miércoles, 4 de diciembre de 2013

The Deadline-Driven Being

No, sorry, this is not the name of a horror game. This post intends to be a reflection about the nature of human beings. Actually, in the heading I'm using "Deadline-Driven" as a synonym of "Human". The goal of this post is to insist on the importance of setting hard deadlines for your projects. Don't underestimate this piece of advice, because psychology and project management theory have proven what I'm claiming here. 

Just remember when you were in school or in college. When were you more productive? When did you study the most? I'm sure that the answers to both questions are the same: the day before the exam. Yes, you had four months to prepare the exam. Of course you could have been studying all along the semester. Sure you could have prepared the exam two or three weeks before the day of the exam. But you didn't, I didn't and almost no one did it (of course there might be rare exceptions over there). 

It's sad but we can't fight our nature. As the name of an interesting film that I recently saw stated, we are what we are. And humans are deadline-driven. 

Figure 1.- The deadline, even when it seems scary, it is a necessary and natural 
part of the productivity life cycle (image taken from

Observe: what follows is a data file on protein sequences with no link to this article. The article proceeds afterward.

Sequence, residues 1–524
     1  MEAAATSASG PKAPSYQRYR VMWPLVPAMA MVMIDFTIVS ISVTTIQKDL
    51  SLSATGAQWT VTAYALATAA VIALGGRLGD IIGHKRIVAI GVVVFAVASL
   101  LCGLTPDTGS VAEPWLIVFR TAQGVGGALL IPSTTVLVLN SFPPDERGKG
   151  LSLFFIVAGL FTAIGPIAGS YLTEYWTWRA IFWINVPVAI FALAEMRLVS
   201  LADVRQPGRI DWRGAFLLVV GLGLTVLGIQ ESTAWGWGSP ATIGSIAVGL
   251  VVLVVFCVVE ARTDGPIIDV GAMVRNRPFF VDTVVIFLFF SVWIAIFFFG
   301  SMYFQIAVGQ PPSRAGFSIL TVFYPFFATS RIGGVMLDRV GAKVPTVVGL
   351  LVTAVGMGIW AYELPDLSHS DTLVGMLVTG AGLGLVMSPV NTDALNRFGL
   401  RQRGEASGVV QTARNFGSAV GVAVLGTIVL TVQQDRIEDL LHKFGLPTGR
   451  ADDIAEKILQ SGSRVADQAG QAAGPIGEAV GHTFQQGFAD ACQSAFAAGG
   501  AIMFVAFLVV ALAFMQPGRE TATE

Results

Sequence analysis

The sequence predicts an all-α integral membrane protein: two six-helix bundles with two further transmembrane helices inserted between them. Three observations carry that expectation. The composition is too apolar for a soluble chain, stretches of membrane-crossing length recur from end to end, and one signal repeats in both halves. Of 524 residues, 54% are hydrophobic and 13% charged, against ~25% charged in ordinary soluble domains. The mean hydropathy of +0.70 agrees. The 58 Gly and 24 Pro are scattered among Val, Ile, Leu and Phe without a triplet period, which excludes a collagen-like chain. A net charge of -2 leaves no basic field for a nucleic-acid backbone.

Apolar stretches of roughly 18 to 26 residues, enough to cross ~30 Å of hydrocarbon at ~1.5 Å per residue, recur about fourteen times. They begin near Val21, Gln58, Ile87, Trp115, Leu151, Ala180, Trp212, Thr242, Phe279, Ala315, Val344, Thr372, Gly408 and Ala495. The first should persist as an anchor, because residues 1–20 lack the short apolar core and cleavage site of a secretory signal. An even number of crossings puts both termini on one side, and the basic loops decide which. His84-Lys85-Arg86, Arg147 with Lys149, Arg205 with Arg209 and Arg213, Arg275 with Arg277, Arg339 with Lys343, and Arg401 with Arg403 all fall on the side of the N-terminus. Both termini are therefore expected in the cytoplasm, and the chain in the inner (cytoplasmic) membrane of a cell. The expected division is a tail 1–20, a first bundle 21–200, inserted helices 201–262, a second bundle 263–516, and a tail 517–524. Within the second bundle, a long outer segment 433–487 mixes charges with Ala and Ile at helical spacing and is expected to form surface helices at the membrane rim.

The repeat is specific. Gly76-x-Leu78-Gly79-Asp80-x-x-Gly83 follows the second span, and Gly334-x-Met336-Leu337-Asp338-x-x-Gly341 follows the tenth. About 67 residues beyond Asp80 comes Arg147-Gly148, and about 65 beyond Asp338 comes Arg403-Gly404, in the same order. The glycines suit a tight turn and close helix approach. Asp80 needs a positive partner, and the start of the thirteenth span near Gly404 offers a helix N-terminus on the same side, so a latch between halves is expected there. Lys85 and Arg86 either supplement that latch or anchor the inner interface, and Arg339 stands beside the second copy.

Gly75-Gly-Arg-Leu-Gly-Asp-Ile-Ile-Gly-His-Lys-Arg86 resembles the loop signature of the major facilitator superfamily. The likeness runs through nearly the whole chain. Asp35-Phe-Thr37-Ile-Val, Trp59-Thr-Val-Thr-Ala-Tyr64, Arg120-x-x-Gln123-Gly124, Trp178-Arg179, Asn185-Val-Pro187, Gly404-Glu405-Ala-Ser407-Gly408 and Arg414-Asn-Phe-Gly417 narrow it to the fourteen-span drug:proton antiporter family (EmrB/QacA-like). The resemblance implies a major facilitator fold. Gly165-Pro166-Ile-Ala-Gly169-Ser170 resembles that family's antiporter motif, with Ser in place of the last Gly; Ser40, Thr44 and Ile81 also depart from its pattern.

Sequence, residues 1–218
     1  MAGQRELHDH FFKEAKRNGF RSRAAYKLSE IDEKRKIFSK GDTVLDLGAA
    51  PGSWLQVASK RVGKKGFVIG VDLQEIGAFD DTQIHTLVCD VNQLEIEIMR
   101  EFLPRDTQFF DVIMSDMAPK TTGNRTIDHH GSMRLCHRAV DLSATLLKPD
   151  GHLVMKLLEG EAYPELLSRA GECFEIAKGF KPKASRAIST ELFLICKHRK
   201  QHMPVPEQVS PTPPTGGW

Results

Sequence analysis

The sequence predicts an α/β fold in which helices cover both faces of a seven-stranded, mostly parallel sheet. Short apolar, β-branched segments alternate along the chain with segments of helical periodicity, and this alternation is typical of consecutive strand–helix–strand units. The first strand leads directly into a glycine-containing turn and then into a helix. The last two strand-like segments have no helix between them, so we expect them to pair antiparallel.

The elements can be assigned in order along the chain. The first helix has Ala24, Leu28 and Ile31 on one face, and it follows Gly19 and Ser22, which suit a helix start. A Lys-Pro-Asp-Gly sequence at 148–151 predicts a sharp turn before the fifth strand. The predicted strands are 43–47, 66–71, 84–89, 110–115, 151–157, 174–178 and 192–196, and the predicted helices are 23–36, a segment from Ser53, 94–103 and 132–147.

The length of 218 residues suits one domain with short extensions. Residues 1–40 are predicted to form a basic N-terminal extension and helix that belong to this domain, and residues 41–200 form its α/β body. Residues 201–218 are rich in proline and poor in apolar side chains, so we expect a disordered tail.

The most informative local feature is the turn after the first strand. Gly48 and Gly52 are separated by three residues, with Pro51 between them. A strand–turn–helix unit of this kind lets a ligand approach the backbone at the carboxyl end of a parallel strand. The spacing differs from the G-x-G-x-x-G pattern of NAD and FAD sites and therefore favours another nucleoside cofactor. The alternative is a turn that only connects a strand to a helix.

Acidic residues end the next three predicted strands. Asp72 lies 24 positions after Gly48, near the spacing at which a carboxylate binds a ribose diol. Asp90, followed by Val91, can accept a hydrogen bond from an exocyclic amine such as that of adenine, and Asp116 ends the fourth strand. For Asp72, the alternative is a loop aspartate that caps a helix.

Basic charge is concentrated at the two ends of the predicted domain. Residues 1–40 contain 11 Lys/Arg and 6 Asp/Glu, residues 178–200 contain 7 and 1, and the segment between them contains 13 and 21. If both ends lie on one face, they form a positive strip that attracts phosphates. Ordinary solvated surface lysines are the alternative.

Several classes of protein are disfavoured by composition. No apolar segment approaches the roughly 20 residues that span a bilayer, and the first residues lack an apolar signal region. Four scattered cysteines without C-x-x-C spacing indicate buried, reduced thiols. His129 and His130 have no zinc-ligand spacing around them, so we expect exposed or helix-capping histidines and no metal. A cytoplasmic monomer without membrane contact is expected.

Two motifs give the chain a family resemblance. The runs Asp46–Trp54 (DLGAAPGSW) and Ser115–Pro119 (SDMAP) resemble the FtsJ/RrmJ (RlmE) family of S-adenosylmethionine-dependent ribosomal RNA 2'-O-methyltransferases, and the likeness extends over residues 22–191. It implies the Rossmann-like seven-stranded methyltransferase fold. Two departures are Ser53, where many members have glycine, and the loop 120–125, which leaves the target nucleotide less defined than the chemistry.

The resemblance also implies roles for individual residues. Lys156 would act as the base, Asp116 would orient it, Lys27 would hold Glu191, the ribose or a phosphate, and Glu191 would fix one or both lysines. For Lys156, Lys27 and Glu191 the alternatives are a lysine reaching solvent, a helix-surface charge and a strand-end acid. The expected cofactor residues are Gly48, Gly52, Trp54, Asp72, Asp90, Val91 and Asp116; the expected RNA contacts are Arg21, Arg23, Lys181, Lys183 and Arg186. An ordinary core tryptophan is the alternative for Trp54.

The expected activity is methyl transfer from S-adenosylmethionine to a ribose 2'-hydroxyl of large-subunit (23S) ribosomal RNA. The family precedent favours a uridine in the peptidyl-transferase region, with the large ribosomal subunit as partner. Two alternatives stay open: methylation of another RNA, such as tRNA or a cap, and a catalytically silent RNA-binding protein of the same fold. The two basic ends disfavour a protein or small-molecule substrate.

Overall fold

http://varela1.blogspot.com.es/2013/10/deadline-american-excitement.html)

I'm currently doing my PhD, and I know how the research area works. When would you say that I'm more productive? Yes, you're right, when a deadline for the submission to a conference is coming in a few days. Probably I could have prepared a nice work and then, a posteriori, check to which conference send the work. But things usually work in the other way around: you won't have anything substantial until you know where you want to send it, and until you see the deadline so close that you have no choice other than paying all your attention to that work.

And why making a game would be any different? You usually have many nifty ideas, you prototype new mechanics, cool!! But then procrastination dwells in your heart, and you figure out a new way to improve your original idea, and then a new even better idea replaces the previous one, until you're fed up with the original idea because you think of something completely different that is going to shake the market up with top-notch mechanics never seen before…Yes, yes, we all went through that road until we found an important stumbling block in the form of logical implications: no deadline -> no pressure -> no game.

This is also the reason why we (Manuela and me) decided to set up a deadline for the release of the game announced in the previous post: Chubby Buddy. We still have lots of work ahead, and we won't be able to address some cool ideas that we originally had. But otherwise I know that we would run the risk of never releasing the game, because we have so many other ideas, that it would be very tempting to blow this one off and to pursue a new one.

Game jams and reputable venues like the Independent Game Festival are excellent options to put a bit of pressure on yourself. Even telling your friends or your family that you're showing them something on a given day will probably give your productivity the required boost!

See you! (by next week hopefully… yes, I'm of course as deadline-driven as anyone else)


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